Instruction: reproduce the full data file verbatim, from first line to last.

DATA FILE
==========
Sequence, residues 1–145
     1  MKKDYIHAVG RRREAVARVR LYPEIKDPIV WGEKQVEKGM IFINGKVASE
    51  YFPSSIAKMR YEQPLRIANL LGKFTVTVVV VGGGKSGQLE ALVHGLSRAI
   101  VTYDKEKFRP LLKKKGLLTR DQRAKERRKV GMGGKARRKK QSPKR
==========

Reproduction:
Sequence, residues 1–145
     1  MKKDYIHAVG RRREAVARVR LYPEIKDPIV WGEKQVEKGM IFINGKVASE
    51  YFPSSIAKMR YEQPLRIANL LGKFTVTVVV VGGGKSGQLE ALVHGLSRAI
   101  VTYDKEKFRP LLKKKGLLTR DQRAKERRKV GMGGKARRKK QSPKR